Originally published 11/10/2015
What the turn from polls to data science means for democracy.
Originally published 07/05/2013
(CNN) – With signs of patriotism abounding for the Fourth of July, a new survey indicates seven in 10 Americans think the Founding Fathers would be disappointed by the way the United States has turned out, 237 years after the signing of the Declaration of Independence.But that doesn't mean Americans themselves are displeased. The same poll, released Thursday by Gallup, shows the number who say they're very or extremely proud to be American remains steady at 85%....Despite the high level of patriotism, 71% of Americans think the signers of the Declaration of Independence wouldn't be pleased with the nation today. That number has steadily risen since 2001, when the number stood at 42%....
Originally published 04/08/2013
The New York Times' Jennifer Schuessler published a story in last Sunday's edition on the newfound popularity of the history of capitalism. "A specter is haunting university history departments," she wrote, "the specter of capitalism."This new history of capitalism integrates social and cultural approaches to economic history and adopts a strictly post-Cold War mentality. Gone are hoary Marxist bromides and questions about why socialism failed to develop as a political movement in the United States; instead, the new generation of history of capitalism scholars -- those profiled in the article include Julia Ott, Bethany Moreton, Louis Hyman, and Stephen Mihm -- focus on the practice of capitalism by the people in the middle and at the top, melding a sound knowledge of math and economics with race and gender analyses.
Originally published 03/19/2013
Nuclear war is unthinkable. At least, that’s what we like to tell ourselves. Given the mass death and devastation from an atomic strike, surely only a desperate despot would even consider such a strike.Slim Pickens joyfully rides a nuclear bomb onto a Russian target in the classic satire, “Dr. Strangelove.”Well, think again. A new study finds that, among the American public, the taboo against the use of nukes is far weaker than you might imagine.“When people are faced with scenarios they consider high-stakes, they end up supporting—or even preferring—actions that initially seem hard to imagine,” said Daryl Press, an associate professor at the Dartmouth College Department of Government....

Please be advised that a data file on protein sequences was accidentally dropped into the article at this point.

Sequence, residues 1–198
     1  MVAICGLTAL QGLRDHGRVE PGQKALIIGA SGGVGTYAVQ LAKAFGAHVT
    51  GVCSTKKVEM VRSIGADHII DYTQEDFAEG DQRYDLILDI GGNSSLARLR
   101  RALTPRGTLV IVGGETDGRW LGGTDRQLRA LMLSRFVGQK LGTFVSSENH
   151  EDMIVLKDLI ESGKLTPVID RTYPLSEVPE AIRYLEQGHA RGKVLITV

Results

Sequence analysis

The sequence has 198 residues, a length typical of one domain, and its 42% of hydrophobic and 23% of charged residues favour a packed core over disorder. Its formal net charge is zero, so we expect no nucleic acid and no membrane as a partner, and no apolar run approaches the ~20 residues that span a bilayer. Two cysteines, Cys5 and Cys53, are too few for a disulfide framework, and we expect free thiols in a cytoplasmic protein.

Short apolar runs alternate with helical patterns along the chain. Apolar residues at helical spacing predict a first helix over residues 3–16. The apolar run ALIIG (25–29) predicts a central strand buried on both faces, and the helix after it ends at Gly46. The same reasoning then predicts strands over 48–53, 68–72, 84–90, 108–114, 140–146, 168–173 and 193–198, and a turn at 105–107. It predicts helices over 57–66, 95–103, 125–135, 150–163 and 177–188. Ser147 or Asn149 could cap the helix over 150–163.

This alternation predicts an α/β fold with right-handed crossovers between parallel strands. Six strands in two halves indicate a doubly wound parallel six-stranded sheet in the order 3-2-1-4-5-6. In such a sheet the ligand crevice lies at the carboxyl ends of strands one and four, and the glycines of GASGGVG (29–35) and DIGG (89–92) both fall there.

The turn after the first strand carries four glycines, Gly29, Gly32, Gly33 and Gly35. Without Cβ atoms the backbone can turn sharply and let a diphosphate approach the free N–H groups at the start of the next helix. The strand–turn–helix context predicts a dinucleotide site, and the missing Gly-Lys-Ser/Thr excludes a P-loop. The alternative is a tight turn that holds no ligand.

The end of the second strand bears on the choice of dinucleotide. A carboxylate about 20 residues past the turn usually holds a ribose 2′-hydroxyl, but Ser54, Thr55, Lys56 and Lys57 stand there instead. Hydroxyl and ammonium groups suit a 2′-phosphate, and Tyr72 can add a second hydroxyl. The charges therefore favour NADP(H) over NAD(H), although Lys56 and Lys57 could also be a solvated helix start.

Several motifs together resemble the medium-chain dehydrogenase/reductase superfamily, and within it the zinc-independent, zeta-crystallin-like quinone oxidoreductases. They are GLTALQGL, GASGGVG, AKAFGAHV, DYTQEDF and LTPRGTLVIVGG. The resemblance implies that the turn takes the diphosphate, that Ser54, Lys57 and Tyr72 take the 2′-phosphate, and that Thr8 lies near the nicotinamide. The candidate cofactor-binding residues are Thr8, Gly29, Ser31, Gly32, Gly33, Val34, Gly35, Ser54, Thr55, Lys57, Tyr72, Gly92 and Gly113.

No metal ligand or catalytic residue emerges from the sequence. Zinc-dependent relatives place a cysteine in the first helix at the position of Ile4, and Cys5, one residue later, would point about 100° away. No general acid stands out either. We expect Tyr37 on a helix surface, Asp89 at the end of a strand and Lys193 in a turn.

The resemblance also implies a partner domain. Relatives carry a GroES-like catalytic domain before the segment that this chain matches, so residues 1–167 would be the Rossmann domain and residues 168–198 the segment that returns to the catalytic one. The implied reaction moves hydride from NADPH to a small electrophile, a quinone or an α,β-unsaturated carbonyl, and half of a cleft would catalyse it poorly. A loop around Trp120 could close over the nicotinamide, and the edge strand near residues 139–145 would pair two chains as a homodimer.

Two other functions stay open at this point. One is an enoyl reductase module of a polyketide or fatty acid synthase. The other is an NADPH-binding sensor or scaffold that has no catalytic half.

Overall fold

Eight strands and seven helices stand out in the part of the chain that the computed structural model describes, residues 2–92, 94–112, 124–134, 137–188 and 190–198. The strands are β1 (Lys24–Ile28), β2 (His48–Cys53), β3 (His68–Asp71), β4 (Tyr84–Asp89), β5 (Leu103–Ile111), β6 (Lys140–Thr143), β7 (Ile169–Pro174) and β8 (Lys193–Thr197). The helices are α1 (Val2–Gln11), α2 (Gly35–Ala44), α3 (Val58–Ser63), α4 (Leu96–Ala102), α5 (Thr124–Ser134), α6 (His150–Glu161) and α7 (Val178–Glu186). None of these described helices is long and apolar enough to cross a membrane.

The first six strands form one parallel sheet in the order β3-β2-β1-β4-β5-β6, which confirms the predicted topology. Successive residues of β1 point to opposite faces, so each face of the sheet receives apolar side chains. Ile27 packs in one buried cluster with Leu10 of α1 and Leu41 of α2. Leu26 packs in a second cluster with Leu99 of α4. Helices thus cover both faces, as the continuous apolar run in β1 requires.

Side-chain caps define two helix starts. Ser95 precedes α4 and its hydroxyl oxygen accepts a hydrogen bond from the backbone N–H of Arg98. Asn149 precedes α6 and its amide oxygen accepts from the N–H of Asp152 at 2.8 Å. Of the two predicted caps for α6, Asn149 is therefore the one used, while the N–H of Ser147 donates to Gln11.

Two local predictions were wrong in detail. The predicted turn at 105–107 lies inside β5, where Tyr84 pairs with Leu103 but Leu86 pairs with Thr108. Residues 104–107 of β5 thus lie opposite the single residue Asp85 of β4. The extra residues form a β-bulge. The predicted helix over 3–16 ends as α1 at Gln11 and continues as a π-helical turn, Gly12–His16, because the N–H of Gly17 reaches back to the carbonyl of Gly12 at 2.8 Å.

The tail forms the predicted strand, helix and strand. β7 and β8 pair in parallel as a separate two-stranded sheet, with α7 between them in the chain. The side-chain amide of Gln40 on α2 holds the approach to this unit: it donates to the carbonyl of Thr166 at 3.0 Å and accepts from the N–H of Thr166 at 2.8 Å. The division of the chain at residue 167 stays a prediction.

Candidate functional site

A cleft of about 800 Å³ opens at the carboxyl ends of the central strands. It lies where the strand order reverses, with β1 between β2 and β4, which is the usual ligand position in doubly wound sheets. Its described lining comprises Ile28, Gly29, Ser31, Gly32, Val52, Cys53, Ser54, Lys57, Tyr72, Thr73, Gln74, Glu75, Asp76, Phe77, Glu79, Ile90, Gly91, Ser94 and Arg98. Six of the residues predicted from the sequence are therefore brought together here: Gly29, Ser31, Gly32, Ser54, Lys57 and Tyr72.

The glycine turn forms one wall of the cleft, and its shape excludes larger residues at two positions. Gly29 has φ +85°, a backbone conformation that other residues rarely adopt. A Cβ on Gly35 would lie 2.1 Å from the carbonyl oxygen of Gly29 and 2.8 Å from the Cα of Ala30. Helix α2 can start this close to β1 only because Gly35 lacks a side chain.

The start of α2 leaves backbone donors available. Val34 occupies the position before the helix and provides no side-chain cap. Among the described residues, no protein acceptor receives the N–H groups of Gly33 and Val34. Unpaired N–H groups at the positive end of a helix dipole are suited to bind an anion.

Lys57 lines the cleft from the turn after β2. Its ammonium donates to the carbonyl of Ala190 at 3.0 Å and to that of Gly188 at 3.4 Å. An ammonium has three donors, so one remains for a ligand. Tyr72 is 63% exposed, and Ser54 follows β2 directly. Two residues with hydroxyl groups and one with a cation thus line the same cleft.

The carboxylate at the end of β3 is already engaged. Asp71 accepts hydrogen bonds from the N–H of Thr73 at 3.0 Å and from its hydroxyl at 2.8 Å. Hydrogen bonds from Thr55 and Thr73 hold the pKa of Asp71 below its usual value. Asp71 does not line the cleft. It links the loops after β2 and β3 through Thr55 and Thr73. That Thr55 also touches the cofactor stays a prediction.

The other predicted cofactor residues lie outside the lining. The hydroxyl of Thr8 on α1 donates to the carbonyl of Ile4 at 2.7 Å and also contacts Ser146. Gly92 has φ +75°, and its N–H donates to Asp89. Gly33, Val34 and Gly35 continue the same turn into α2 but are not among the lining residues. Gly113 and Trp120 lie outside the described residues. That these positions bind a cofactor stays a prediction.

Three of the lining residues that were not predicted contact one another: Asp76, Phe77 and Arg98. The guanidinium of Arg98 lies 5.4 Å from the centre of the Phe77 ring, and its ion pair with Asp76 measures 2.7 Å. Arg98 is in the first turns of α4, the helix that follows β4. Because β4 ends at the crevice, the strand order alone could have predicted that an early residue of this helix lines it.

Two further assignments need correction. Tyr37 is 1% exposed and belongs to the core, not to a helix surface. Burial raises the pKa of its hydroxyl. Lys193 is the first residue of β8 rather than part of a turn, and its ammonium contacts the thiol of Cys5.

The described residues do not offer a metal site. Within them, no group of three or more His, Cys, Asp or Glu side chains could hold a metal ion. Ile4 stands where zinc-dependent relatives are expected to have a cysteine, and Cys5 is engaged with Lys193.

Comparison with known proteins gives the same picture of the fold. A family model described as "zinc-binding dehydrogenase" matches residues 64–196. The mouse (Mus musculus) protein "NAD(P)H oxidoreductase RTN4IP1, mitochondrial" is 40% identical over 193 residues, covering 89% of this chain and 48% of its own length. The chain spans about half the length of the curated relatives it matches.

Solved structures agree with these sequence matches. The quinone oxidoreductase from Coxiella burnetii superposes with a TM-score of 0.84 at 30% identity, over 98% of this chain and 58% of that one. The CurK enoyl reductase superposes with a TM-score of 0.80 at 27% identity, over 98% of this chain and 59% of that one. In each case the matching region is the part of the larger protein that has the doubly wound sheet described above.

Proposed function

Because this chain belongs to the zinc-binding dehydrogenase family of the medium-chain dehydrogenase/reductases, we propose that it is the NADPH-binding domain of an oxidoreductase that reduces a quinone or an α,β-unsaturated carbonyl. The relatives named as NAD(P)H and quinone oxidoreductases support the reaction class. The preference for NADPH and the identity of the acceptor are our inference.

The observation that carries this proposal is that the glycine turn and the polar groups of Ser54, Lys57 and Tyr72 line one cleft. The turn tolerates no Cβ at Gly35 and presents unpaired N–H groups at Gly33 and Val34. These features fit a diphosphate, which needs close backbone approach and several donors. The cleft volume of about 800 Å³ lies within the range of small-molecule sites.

Originally published 03/17/2013
if (WIDGETBOX) WIDGETBOX.renderWidget('61175c90-bb5e-47f0-b884-eba86bfeb921');Get the Poll Creator Pro widget and many other great free widgets at Widgetbox! Not seeing a widget? (More info)UPDATE: More food for thought, from CNN:In an interview with CNN’s Christiane Amanpour marking the tenth anniversary of the Iraq War, they cited reporters’ access to top officials in Washington as one of the top problems. The top-level bureaucrats, they said, had more of a propensity to spin toward the line that the Bush Administration was pushing.“Most of our reporting was with intelligence, military and diplomatic midlevel and lower level – the types that journalists don't really talk to or go after,” Warren Strobel told Amanpour.
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